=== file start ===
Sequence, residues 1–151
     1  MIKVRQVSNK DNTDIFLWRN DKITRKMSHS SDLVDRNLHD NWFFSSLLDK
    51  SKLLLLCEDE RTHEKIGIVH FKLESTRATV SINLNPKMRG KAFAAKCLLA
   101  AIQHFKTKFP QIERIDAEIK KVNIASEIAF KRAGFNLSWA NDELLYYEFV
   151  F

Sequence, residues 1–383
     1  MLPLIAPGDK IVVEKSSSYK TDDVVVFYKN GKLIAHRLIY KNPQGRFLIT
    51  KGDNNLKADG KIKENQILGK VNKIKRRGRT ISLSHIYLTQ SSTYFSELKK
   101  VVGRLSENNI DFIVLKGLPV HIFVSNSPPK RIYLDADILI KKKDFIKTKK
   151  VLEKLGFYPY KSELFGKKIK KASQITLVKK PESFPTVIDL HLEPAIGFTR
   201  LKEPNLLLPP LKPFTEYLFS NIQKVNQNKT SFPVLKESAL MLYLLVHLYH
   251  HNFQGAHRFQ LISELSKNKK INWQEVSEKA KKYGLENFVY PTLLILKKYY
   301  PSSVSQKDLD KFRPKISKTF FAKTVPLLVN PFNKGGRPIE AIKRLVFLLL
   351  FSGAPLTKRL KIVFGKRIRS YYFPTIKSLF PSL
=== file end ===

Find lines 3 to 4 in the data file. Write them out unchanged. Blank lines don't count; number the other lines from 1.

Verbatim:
    51  SKLLLLCEDE RTHEKIGIVH FKLESTRATV SINLNPKMRG KAFAAKCLLA
   101  AIQHFKTKFP QIERIDAEIK KVNIASEIAF KRAGFNLSWA NDELLYYEFV